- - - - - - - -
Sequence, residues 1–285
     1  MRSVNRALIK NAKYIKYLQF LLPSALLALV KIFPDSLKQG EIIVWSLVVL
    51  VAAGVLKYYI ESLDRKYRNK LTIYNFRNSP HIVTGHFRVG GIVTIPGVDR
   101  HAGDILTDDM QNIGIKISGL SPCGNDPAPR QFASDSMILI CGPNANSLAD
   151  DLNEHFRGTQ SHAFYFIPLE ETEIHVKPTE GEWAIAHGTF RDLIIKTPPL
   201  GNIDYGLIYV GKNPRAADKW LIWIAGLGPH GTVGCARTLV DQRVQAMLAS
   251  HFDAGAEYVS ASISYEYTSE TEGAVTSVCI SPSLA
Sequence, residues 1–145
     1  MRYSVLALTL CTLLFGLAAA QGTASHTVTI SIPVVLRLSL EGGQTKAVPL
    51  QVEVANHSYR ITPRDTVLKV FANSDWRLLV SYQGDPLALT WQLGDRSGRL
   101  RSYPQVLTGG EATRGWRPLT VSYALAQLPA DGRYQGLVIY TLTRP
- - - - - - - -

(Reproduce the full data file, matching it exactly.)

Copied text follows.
Sequence, residues 1–285
     1  MRSVNRALIK NAKYIKYLQF LLPSALLALV KIFPDSLKQG EIIVWSLVVL
    51  VAAGVLKYYI ESLDRKYRNK LTIYNFRNSP HIVTGHFRVG GIVTIPGVDR
   101  HAGDILTDDM QNIGIKISGL SPCGNDPAPR QFASDSMILI CGPNANSLAD
   151  DLNEHFRGTQ SHAFYFIPLE ETEIHVKPTE GEWAIAHGTF RDLIIKTPPL
   201  GNIDYGLIYV GKNPRAADKW LIWIAGLGPH GTVGCARTLV DQRVQAMLAS
   251  HFDAGAEYVS ASISYEYTSE TEGAVTSVCI SPSLA
Sequence, residues 1–145
     1  MRYSVLALTL CTLLFGLAAA QGTASHTVTI SIPVVLRLSL EGGQTKAVPL
    51  QVEVANHSYR ITPRDTVLKV FANSDWRLLV SYQGDPLALT WQLGDRSGRL
   101  RSYPQVLTGG EATRGWRPLT VSYALAQLPA DGRYQGLVIY TLTRP